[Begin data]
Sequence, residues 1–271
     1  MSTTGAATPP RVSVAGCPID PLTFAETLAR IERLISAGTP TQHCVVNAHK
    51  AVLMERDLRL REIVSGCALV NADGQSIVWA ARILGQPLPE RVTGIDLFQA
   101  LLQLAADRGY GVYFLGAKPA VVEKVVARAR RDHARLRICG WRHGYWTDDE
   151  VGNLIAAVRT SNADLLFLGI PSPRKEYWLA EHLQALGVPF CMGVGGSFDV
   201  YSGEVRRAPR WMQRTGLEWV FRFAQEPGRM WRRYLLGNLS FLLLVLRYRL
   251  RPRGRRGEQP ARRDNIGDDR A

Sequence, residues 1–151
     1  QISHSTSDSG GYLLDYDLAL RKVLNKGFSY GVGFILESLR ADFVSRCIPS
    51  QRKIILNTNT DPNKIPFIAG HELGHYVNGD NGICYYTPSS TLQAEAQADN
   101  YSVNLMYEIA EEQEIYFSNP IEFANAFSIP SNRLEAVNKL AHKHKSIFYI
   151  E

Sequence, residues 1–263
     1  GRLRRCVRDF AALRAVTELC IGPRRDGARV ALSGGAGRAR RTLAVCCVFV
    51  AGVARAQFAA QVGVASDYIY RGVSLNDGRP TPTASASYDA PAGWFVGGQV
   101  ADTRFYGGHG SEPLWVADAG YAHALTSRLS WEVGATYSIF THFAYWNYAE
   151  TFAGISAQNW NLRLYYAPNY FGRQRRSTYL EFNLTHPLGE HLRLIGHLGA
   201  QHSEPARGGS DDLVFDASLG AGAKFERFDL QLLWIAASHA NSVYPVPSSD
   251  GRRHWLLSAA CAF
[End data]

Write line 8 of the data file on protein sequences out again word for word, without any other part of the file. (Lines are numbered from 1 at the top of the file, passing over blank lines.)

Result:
Sequence, residues 1–151